The thoracic spine

Chapter 7


The thoracic spine




Flexion control



Extension control



Rotation control



Thoracic/rib respiration control





Introduction


The thoracic spine has been the focus of little research or review attention compared to the lumbar and cervical spine. This may partly be due to the lower frequency of thoracic spinal pain syndrome and partly because the thoracic region is well stabilised by the rib cage and rib articulations to the thoracic vertebrae (Watkins et al 2005). Almost all of the research and review literature available that is related to the thoracic spine is based on anatomical and biomechanical analysis of osteoligamentous and myofascial influences on articular function (Edmondston & Singer 1997; Maitland et al 2005). There is a lack of research and analysis of neurophysiological motor control changes associated with pain and dysfunction in the thorax.




Diagnosis of the site and direction of UCM in the thoracic spine


The diagnosis of the site and direction of UCM in the thoracic spine can be identified in terms of the site (being thoracic spine) and the direction of flexion, extension, rotation and respiratory movement (Table 7.1).




Linking the site of UCM to symptom presentation


A diagnosis of UCM requires evaluation of its clinical priority. This is based on the relationship between the UCM and the presenting symptoms. The therapist should look for a link between the direction of UCM and the direction of symptom provocation: i) Does the site of UCM relate to the site or joint that the patient complains of as the source of symptoms? ii) Does the direction of movement or load testing relate to the direction or position of provocation of symptoms? This identifies the clinical priorities.


The site and direction of UCM at the thoracic spine can link with different clinical presentations, and postures and activities which may aggravate symptoms. The typical assessment findings in the thoracic spine are identified in Table 7.2.



The following section will demonstrate the specific procedures for testing for UCM in the thoracic spine.


THORACIC TESTS FOR UCM



Thoracic flexion control



Thoracic flexion control tests and flexion control rehabilitation


These flexion control tests assess the extent of flexion UCM in the thoracic spine and assess the ability of the dynamic stability system to adequately control flexion load or strain. It is a priority to assess for flexion UCM if the person complains of or demonstrates flexion-related symptoms or disability. The tests that identify dysfunction can also be used to guide and direct rehabilitation strategies.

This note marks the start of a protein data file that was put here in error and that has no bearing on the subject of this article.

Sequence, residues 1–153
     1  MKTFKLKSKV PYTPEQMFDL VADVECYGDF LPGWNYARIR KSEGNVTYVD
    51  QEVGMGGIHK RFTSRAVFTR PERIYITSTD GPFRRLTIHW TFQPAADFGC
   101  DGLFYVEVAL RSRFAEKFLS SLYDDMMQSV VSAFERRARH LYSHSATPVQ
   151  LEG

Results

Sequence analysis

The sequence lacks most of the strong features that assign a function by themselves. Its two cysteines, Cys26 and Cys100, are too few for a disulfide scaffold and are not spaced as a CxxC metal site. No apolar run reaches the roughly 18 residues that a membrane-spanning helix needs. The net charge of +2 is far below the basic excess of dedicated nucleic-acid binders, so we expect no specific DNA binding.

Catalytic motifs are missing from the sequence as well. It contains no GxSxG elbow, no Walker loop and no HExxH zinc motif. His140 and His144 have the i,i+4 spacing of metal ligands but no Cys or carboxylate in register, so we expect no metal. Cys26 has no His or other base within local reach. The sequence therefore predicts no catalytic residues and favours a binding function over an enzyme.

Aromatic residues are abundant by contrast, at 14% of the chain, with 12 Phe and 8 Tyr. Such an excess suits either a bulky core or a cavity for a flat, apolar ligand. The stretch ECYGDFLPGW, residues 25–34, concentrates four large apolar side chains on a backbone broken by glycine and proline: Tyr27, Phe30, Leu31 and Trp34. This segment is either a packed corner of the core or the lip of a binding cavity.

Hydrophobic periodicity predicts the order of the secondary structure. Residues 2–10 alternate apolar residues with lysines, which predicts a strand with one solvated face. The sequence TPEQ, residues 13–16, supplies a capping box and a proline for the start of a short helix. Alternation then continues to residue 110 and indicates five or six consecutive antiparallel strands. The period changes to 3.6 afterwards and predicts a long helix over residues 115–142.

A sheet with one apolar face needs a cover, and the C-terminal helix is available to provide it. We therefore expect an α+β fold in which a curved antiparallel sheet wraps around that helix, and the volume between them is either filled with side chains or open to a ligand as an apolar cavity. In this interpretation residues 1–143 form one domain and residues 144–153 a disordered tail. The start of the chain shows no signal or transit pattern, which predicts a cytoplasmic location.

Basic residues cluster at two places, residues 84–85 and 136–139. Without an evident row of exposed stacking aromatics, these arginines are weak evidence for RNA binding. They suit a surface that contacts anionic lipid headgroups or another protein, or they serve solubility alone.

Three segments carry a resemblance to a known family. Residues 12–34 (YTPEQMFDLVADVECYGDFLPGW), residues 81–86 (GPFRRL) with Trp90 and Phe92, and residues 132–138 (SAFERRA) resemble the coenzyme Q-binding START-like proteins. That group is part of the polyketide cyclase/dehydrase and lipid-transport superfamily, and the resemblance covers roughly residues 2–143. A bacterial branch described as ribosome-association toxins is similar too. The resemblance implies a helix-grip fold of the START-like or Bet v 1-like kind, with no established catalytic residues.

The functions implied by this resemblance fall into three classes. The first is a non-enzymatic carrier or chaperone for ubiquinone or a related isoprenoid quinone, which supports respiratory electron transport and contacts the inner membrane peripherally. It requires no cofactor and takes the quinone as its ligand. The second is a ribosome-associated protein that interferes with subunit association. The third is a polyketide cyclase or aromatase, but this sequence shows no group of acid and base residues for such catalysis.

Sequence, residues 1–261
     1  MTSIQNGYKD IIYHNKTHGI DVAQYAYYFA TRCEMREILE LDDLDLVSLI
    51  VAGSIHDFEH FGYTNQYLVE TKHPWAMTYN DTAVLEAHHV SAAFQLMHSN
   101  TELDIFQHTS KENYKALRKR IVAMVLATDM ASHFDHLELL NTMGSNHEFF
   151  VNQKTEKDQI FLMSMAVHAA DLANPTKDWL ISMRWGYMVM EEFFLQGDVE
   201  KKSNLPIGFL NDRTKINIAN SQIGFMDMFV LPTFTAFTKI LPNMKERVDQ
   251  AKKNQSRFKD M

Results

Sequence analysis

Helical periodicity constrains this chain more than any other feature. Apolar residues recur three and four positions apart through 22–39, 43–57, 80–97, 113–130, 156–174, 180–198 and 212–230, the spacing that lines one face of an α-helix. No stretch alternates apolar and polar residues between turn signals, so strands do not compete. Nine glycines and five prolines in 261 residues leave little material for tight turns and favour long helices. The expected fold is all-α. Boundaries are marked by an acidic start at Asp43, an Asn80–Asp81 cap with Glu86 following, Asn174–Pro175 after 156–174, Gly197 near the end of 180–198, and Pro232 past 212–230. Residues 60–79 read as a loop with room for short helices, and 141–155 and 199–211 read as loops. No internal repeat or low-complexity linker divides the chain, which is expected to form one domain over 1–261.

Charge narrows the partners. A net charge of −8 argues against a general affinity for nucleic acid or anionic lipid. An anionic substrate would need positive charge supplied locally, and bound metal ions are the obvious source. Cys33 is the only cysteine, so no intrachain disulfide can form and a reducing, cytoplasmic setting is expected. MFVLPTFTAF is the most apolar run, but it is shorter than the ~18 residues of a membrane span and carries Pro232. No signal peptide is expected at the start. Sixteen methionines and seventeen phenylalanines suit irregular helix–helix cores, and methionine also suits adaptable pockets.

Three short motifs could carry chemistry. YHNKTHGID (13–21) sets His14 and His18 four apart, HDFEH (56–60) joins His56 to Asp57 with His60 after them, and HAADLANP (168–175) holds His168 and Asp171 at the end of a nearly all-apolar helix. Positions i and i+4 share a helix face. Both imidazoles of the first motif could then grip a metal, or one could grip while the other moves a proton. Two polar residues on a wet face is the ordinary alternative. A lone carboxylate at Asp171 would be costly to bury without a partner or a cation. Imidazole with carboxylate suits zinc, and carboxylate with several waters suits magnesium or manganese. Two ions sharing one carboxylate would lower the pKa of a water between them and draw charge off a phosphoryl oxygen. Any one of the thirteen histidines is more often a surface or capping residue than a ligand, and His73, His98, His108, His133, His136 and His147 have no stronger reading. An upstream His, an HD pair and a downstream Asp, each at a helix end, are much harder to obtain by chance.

Movement faults associated with thoracic flexion



Relative stiffness (restrictions)



• Lumbopelvic restriction of flexion – a lumbopelvic flexion restriction may contribute to compensatory increases in thoracic flexion range. This is confirmed with manual segmental assessment (e.g. Maitland PPIVMs or PAIVMs) of the lumbopelvic joints. There may also be a loss of lumbar-dorsal fascia extensibility if a lordotic posture is exaggerated.


• Cervical restriction of flexion – a cervical flexion restriction may contribute to compensatory increases in thoracic flexion range. This is not usually associated with articular restrictions of flexion. However, a chin poke neck posture may have an increased cervical lordosis and a loss of extensibility of the posterior cervical fascias and the ligamentum nuchae.


• Scapular restriction of protraction – recruitment overactivity or postural change may result in a loss of extensibility of the rhomboids. A subsequent myofascial restriction of scapular protraction may also contribute to compensatory increases in thoracic flexion range.





Tests of thoracic flexion control



T42 Standing: back flattening test(tests for thoracic flexion UCM)


This dissociation test assesses the ability to actively dissociate and control thoracic flexion then reverse the lumbar lordosis to the back flat position (i.e. flex the lumbar spine and posterior tilt the pelvis) while standing against a wall.



Test procedure


The person stands with the back of the pelvis, the upper thoracic spine and the back of the head resting against a wall with the shoulders and arms relaxed. The heels are positioned about 20 cm in front of the wall with the feet at least shoulder width apart and with the knees slightly flexed (hip flexors unloaded and wide base of support) (Figure 7.1). Then, keeping the thoracic spine and head stationary on the wall, the person is instructed to roll the pelvis backwards into posterior tilt to flatten the lumbar spine against the wall. The lumbar lordosis should reverse so that the whole lumbar spine is in full contact with the wall (Figure 7.2). There should be no flexion of the thorax, head or shoulders off the wall.




This test should be performed without any extra feedback (self-palpation, vision, etc.) or cueing for correction. When feedback is removed for testing, the therapist should use visual observation of the head and thorax relative to the wall to determine whether the control of thoracic flexion is adequate.



Thoracic flexion UCM


The person complains of flexion-related symptoms in the thoracic spine. The thorax has UCM into flexion relative to the lumbar spine under flexion load. The head and thoracic spine start to flex off the wall before full back flattening and posterior tilt is achieved. During the attempt to dissociate the thoracic flexion from independent posterior pelvic tilt and lumbar flexion, the person either cannot control the UCM or has to concentrate and try hard to control the thoracic flexion.




Rating and diagnosis of thoracic flexion UCM


(T42.1 and T42.2)





Correction